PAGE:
A Systematic Review and Meta-Analysis of Pregnancy Outcomes in Patients with Systemic Lupus Erythematosus and Lupus Nephritis : Clinical Journal of the American Society of Nephrology

Journal Logo

Original Articles: Original Articles

A Systematic Review and Meta-Analysis of Pregnancy Outcomes in Patients with Systemic Lupus Erythematosus and Lupus Nephritis

Smyth, Andrew*; Oliveira, Guilherme H.M.; Lahr, Brian D.; Bailey, Kent R.; Norby, Suzanne M.§,‖; Garovic, Vesna D.§,‖

Author Information
Clinical Journal of the American Society of Nephrology 5(11):p 2060-2068, November 2010. | DOI: 10.2215/CJN.00240110
  • Free


Systemic lupus erythematosus (SLE) is a multisystem autoimmune connective tissue disorder that primarily affects women of childbearing age. Normal fertility and sterility rates have been reported, and as such, pregnancy is a frequent occurrence in these patients (1).

Two major issues exist regarding the risks and management of pregnancy in women with SLE and renal disease. First, pregnancy may increase SLE activity and the short- and long-term adverse effects on renal function, potentially leading to accelerated progression to end-stage renal disease. Second, these pregnancies are at high risk for maternal and fetal complications, including spontaneous abortion and premature delivery, intrauterine growth retardation (IUGR), and superimposed pre-eclampsia. However, multiple studies directed at elucidating the impact of SLE on pregnancy outcomes have yielded conflicting results.

Although early studies suggested an association between SLE and poor pregnancy prognosis (2,3), more recent data have shown improved outcomes, (4,5), including recently quoted live birth rates in at least 85% of pregnancies. Published data have identified several risk factors for poor pregnancy outcomes, including hypertension (6), anti-phospholipid syndrome, and SLE renal involvement (79).

The impact of lupus nephritis on fetal and maternal prognoses is not fully understood and has been a subject of controversy. Stable renal disease throughout pregnancy has been observed in some SLE patients, even in those with lupus nephritis and diffuse glomerular lesions (10,11). In contrast, the rate of pregnancy loss in patients with active nephritis was reported to be as high as 60% (12). However, the studies supporting this association are retrospective in character, with relatively small numbers of patients. In this study, we perform a systematic review and meta-analysis by combining information from relevant studies to (1) examine the association of maternal and fetal complications and SLE and (2) study the effects of the activity of lupus nephritis, including the World Health Organization biopsy classification, and the presence of anti-phospholipid antibodies (APAs) on pregnancy outcomes.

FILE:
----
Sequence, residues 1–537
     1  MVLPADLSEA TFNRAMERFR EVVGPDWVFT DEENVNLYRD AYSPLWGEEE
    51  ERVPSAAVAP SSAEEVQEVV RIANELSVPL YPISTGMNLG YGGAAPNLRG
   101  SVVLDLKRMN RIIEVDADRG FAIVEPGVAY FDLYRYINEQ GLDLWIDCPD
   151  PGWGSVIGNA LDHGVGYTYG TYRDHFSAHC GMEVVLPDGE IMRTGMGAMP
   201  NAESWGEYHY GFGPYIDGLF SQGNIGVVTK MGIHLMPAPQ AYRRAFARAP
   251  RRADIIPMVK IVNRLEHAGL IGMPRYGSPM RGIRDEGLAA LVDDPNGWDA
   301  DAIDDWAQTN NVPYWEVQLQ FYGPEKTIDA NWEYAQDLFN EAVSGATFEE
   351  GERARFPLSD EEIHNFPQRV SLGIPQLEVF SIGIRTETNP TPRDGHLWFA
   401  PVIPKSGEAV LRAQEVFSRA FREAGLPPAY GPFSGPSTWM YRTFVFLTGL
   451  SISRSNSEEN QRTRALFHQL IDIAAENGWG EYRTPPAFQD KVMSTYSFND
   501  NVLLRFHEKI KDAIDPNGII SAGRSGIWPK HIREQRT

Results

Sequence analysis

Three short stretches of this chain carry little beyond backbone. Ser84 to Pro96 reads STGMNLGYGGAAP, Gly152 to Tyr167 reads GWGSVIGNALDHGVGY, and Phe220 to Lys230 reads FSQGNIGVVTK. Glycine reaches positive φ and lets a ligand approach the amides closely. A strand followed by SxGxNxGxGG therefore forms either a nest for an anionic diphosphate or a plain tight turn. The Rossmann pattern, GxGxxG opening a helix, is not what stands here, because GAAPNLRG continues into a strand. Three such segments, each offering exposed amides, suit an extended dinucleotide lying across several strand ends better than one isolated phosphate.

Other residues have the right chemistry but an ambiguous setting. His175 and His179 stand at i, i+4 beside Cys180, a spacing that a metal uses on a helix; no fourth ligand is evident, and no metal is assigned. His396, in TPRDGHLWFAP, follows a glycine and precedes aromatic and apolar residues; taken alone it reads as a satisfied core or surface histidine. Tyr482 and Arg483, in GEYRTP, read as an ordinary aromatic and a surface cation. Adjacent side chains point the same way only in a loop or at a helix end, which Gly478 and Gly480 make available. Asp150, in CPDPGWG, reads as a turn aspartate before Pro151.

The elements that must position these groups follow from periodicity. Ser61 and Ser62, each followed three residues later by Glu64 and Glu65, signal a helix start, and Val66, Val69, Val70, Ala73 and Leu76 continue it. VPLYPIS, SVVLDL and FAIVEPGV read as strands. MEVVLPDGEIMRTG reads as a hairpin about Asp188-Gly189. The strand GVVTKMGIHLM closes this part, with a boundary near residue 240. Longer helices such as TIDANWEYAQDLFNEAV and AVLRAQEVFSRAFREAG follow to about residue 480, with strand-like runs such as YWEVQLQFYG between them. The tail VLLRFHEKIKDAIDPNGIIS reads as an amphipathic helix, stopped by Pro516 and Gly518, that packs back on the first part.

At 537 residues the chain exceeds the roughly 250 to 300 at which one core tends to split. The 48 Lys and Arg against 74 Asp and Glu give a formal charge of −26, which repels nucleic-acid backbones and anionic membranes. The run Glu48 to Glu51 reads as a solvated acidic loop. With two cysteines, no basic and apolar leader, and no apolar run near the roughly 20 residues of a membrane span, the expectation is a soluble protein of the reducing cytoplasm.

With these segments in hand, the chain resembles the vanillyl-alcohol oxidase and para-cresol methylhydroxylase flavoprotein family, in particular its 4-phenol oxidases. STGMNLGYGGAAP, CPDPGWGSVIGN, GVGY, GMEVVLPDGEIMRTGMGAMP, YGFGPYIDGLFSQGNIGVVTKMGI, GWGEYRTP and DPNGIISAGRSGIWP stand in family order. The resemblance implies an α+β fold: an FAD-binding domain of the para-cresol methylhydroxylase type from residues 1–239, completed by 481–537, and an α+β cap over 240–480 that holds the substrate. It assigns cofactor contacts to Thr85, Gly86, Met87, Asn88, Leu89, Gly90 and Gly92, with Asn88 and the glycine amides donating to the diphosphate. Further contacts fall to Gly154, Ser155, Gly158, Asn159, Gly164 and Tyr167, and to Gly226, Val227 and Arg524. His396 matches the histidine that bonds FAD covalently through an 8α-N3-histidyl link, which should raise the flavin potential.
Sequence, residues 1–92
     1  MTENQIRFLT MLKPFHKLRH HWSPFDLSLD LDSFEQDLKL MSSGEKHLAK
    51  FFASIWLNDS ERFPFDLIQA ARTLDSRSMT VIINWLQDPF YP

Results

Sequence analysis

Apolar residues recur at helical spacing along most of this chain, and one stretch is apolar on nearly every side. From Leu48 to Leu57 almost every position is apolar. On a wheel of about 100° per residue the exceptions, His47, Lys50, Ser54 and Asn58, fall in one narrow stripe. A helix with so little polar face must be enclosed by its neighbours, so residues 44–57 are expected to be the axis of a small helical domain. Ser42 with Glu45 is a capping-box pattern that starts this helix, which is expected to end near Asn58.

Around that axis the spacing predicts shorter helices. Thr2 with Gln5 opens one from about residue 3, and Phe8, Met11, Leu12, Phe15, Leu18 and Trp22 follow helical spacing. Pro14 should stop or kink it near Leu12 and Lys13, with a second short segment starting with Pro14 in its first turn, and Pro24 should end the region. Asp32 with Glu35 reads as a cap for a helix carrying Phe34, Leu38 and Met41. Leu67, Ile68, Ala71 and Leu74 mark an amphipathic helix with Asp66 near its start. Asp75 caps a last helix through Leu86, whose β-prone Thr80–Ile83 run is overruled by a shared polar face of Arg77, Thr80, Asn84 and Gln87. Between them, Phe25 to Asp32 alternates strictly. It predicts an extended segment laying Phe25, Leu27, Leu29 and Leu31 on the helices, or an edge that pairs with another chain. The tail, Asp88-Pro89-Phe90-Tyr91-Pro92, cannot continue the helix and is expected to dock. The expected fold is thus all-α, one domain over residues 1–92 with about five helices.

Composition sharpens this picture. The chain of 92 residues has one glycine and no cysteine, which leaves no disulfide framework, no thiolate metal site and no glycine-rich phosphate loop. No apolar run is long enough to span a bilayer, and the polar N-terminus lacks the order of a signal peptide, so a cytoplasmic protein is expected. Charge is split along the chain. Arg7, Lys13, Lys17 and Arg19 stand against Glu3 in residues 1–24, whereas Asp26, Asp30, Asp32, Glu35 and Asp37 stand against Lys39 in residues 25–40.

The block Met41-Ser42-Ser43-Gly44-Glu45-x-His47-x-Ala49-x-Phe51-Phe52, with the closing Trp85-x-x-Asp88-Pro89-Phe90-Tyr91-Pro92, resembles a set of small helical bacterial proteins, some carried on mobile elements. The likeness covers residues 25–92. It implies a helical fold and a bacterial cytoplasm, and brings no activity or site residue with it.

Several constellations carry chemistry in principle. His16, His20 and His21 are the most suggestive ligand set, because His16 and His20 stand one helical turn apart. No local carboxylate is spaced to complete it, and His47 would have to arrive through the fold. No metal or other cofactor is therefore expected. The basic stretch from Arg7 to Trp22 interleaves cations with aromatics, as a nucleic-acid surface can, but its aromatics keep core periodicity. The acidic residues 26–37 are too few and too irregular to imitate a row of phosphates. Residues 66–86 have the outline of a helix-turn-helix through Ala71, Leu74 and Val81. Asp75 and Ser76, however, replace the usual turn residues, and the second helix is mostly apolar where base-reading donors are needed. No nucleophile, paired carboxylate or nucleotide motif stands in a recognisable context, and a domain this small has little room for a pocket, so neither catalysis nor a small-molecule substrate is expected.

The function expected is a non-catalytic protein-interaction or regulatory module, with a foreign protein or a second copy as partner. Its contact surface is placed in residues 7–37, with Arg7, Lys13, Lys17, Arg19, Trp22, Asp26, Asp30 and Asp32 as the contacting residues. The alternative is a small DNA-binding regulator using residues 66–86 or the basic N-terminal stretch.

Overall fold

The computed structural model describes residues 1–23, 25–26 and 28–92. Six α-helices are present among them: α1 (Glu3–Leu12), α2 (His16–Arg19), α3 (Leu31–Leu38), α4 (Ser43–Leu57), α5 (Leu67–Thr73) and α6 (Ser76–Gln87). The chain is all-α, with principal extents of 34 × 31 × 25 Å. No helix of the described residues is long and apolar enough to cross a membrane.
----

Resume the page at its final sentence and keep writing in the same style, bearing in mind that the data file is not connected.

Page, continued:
Materials and Methods

Study Selection

We conducted an electronic literature search from 1966 to April 2009 in Medline, PubMed, Embase, Lilacs, Science Citation Index, and the Cochrane Controlled Trials Register. We used a protocol that included the Cochrane Collaboration's search strategy for randomized controlled trials and the following terms: SLE, pregnancy outcome, lupus nephritis.

Studies were included if they addressed the outcome of SLE pregnancies and fulfilled the predefined requirements. Study quality was assessed using the study validation score (Table 1), developed by the investigators. Variables included are defined in Table 1. All variables were scored equally, with a value of four or greater used to classify papers for inclusion.

Table 1:
Study validation criteria

We contacted the authors of these papers to retrieve additional data not published in their analyses. Language was not an exclusion criterion, and translators were used when required. Data were extracted into a preformed Microsoft Excel database using predefined variables to obtain data about pregnancies and maternal and fetal outcomes. Study selection, data extraction, and assigning of a quality score were performed independently by two investigators, with discrepancies resolved by consensus.

Statistical Analyses

The primary fetal outcome was unsuccessful pregnancy, which included spontaneous abortion, stillbirth, or neonatal death. Secondary fetal endpoints included the individual outcomes for unsuccessful pregnancy and IUGR. For all fetal complications, induced abortions were excluded from further analysis. Maternal complications included maternal death, stroke, hypertension, pre-eclampsia or eclampsia, nephritis, and SLE flares.